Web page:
Wednesday, December 10, 2014

#Reverb 14, Day 10

1. Generosity is free of obligations; it opens the heart, and creates warmth and connection between the giver and receiver. When I cultivate generosity the holidays become something I look forward to sharing with my loved ones.

Look back at the last year and consider: how did generosity open your heart? How can you cultivate generosity in the coming year?

2. Leap of faith: What decision did you make this year that was a leap of faith?  Did it work out?  Or not?

 1. I was especially blessed this year with friends who said prayers and/or sent me reiki energy for my cardiac ablation at the end of August, and a group of local women who spent time with me in reiki sessions to boost my energy and calm my fears before the procedure. The result was miraculous: I was not afraid at all to go into this procedure, and indeed felt as though I was literally cushioned with love and prayers both before and after it. That generosity has continued and has had great results too, as I have been afib-free, at least as far as I can feel it, ever since -- nearly four months now. 

Because of that kindness and loving energy, I have been available when others have needed help or prayers for themselves or their loved ones, and have been lucky enough to participate in several hands-on sessions to help people who are frightened or worried, in addition to including them in my own daily prayers.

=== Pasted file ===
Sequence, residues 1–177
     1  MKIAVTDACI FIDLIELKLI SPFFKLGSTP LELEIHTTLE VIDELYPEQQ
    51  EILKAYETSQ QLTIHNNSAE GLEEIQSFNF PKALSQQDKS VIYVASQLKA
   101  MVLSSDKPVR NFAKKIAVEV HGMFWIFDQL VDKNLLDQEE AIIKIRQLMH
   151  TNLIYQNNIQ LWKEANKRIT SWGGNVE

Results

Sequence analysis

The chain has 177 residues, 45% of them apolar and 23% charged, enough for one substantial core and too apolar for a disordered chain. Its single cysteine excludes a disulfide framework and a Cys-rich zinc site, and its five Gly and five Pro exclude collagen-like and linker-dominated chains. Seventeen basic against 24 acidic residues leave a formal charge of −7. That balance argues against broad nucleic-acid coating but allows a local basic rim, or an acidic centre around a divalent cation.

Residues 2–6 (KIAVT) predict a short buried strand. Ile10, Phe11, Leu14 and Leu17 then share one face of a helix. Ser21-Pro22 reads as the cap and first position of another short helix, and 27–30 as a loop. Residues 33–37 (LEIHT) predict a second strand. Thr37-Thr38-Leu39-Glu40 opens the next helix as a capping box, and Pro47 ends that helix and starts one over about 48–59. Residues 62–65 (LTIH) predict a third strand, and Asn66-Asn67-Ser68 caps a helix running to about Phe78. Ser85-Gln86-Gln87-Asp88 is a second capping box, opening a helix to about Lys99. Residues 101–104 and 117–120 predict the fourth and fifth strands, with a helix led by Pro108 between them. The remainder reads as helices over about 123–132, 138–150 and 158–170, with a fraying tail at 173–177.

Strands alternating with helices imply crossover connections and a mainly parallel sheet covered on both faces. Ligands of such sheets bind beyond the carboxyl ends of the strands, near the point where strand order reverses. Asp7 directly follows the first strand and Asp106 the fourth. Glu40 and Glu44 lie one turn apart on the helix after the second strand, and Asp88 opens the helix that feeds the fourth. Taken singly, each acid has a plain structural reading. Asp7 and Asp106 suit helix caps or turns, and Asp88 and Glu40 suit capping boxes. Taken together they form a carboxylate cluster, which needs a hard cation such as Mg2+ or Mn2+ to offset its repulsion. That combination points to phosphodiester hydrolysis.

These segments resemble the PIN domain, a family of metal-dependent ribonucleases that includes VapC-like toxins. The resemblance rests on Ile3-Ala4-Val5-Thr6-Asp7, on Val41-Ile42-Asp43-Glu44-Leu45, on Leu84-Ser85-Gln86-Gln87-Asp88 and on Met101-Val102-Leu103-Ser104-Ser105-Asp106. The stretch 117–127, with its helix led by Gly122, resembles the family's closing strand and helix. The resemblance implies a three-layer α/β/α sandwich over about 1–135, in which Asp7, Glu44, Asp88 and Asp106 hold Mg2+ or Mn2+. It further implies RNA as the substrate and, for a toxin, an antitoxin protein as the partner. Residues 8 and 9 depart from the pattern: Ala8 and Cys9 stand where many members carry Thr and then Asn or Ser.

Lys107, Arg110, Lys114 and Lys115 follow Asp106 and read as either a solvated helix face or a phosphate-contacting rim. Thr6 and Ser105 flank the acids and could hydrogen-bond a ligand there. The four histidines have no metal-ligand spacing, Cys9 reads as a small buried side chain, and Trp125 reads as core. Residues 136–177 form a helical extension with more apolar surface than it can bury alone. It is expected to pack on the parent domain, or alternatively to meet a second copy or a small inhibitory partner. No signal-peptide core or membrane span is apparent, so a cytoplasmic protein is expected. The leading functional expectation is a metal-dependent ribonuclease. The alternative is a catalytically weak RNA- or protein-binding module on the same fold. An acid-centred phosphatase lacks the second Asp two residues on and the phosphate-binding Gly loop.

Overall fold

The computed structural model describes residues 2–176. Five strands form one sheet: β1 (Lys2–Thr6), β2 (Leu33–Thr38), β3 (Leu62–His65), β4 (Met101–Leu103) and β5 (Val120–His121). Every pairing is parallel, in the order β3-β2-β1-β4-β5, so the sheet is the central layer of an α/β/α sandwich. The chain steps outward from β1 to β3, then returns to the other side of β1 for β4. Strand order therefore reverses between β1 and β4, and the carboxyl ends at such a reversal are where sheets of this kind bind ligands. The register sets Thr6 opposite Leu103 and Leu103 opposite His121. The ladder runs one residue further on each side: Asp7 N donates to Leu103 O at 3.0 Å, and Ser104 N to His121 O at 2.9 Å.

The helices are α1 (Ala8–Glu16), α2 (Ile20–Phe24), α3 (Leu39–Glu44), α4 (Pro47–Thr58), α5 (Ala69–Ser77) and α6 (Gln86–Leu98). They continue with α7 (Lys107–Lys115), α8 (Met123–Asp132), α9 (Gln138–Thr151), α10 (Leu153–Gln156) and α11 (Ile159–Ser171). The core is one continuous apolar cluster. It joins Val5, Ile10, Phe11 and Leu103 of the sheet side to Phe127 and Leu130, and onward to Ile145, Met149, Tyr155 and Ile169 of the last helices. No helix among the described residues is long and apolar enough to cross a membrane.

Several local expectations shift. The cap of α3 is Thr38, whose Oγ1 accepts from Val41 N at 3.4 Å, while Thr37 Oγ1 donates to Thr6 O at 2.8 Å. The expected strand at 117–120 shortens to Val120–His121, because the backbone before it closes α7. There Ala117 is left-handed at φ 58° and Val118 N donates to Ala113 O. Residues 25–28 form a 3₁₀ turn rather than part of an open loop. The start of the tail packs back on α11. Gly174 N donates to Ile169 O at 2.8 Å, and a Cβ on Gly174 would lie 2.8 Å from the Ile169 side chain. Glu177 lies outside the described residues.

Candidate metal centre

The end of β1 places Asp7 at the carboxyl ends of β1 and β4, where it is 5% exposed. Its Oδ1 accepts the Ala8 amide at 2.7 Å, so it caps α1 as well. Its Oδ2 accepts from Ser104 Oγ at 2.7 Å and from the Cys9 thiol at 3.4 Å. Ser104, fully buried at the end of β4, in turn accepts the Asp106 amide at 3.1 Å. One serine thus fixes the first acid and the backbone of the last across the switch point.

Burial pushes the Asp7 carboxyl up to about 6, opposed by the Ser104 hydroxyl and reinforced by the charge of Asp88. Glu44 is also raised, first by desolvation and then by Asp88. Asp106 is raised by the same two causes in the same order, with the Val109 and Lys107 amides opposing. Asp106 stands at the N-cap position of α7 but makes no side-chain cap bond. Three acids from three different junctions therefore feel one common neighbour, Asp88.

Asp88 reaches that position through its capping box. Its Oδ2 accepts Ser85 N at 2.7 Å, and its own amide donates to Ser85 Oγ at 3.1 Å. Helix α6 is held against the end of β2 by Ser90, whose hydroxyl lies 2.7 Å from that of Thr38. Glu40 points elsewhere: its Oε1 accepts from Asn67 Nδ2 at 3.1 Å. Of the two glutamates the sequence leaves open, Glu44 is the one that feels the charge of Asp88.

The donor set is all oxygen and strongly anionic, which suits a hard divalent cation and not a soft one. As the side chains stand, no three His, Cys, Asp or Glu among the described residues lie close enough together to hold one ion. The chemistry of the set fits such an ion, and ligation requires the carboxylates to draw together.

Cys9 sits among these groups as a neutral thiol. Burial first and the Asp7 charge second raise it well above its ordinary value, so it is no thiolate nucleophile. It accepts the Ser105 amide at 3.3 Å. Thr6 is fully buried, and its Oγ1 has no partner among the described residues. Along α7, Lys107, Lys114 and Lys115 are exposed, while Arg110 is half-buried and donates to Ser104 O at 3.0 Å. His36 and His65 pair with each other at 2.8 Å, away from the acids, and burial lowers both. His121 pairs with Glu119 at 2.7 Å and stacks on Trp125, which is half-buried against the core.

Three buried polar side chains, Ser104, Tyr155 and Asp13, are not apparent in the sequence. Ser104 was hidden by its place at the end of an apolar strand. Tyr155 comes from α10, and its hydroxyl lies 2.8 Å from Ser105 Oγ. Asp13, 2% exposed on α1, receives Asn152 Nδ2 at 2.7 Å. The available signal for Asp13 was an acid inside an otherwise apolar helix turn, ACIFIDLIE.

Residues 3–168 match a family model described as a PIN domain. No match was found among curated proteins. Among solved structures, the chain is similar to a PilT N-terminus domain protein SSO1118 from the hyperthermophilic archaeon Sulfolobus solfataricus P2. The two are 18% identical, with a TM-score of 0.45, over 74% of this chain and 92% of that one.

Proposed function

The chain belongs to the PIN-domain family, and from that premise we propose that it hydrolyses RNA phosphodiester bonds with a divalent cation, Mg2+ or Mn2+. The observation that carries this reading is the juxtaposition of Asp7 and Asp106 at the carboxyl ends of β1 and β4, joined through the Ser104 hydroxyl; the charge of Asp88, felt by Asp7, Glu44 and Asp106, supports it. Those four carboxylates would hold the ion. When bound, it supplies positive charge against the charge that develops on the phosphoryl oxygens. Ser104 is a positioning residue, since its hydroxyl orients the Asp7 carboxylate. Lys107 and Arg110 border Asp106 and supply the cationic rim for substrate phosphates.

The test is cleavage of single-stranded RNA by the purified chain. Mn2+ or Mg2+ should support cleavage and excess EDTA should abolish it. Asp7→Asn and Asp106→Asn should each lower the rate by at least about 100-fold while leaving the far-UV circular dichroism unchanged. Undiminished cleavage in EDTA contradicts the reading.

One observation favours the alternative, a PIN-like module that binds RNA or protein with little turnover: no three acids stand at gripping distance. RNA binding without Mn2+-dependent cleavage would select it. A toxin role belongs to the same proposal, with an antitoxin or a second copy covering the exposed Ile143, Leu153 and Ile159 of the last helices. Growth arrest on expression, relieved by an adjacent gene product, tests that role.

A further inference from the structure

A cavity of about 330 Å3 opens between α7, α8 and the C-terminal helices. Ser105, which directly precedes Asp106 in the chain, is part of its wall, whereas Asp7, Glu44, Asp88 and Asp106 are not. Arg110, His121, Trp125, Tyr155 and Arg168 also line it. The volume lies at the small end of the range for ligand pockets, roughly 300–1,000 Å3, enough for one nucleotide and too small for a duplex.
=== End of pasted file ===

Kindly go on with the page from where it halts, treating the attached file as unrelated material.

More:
There are some wonderfully generous people in our community who inspire and challenge me to be more generous as well with my time, my gifts, and through prayers and actions. I am so grateful to those who have shown me such generosity, and their actions make me want to reciprocate, to pay it forward and also repay it. 

2. I feel a bit like a broken record when I talk so much about the ablation, but it truly was not only a huge step for me in overcoming long-standing fear and anxiety, but also required a huge leap of faith. Ablation does not always work: often the heart can heal the burns a little too well and the afib or flutter comes back, requiring a second procedure, and sometimes even a third. Some people have had multiple procedures without relief. 

While it can take the heart up to a year to truly heal, I have passed the first nearly four months without recurrence of either afib or flutter, at least as far as I can tell. As part of the three-month evaluation I wore a monitor for two weeks which is still being evaluated, and I expect to hear from my cardiologist/electrophysiologist soon about the findings -- but I feel positive about it. And I'd do it again if I needed to. 

Talk about needing to trust! A skilled team threads a tiny catheter up your femoral artery to your heart, pokes a hole in the heart to get to the left ventricle, and proceeds to burn tiny wounds around the pulmonary veins and other areas where they find afib, which interrupt the wonky electrical circuit that causes these problems. 

So far, so good. I am so grateful!

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